The highlights of the platforming stages are the large dinosaurs that serve as the boss fights. Though most of the bosses are pretty easy, I like the simple idea that each stage gets its own dinosaur as its boss. It’s kinds of ideas that give retro games a fun sense of personality that many modern games lack.
While the main stages feature action and platforming, Joe & Mac 2: Lost in the Tropics attempts something of an RPG element in its town. During the levels, you can pick up stone wheels (think Mario’s coins or Sonic’s rings), which can be spent in the village as currency. Unfortunately, it’s here where the game really drops the ball, as the RPG element feels pretty pointless and tacked on.
Aside from purchasing the same healing items you can find in the stages themselves, you can also purchase melons which – as far as I can tell – don’t do anything of note (a window pops up to tell you that the melon tasted fresh, but I never noticed it had any utilitarian usage in gameplay). Additionally, you can purchase flowers, which you can then give to one of three cavewomen behind a curtain. If the girl likes the flowers, she’ll marry your character. If you can get her flowers she likes two additional times, she’ll produce a child (just like real life). Finally, you can also buy upgrades to your home, making it bigger and have more in it.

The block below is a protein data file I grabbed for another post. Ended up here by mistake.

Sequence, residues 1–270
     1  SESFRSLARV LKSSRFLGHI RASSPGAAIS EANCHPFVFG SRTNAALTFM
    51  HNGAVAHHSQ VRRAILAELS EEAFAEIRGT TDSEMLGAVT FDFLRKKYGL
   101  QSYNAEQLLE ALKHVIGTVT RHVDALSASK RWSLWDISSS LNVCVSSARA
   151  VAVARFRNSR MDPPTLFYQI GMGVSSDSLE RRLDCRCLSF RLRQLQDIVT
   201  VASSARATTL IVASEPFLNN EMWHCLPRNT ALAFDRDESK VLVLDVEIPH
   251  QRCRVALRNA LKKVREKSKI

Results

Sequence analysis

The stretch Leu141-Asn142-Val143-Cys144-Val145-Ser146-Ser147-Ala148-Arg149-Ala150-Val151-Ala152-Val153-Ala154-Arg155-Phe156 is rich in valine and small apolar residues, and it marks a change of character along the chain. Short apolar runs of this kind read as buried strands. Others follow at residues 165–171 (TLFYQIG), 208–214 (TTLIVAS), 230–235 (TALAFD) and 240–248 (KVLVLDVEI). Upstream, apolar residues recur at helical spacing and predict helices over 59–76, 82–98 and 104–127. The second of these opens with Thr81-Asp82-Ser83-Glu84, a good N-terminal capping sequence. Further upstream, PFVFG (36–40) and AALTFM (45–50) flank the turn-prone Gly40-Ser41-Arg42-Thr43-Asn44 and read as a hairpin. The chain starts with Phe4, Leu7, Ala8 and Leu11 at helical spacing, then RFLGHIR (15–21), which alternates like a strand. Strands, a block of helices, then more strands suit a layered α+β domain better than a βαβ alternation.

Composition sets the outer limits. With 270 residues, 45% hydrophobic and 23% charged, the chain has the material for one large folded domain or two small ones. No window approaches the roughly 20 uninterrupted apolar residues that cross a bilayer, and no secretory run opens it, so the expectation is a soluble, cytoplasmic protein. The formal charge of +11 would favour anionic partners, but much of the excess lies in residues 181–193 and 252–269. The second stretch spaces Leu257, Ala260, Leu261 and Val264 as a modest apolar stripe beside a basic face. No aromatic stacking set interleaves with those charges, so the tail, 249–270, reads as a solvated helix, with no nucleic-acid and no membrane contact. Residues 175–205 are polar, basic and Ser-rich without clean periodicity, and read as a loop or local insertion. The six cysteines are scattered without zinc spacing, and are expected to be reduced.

What’s the point of all this? Nothing, really. You can go back to your home village and enter your home, but all that gives you is some basic dialogue from your wife and then you automatically leave the house. You also get to see your house during the end of the game, but again, it’s no different from when you drop by any other time. It’s bizarre, you go through all the trouble of collecting the stone wheels, only to spend most of them on a pointless side quest with random elements (you’ll probably spend a good few wheels on flowers only for them to fail to impress the girl). It’s as if the developers wanted to add this whole other side to the game, but barely got started on it before they had to ship the final product.
Still, the core gameplay in the platforming stages is decently fun and fluid, though they aren’t immune to what can only be described as “old video game jank.” That is to say, certain clunky elements that feel like the product of their time. For example, there’s one instance in the swamp level where you climb down a rope, and an enemy spawns mid-jump as you’re heading down. Unless you know that’s going to happen, you can’t avoid it on the first try, so hopefully you have more than one hit point when you get there. Another such instance happens in the caves of the snow stage, when an absolute barrage of enemies just keep coming at you. Perhaps this section (and others) isn’t so bad when you have two players and both Joe and Mac can take on the enemies. But the developers clearly had the idea of a solo player as an afterthought, because so many sections feel overwhelming for a single player.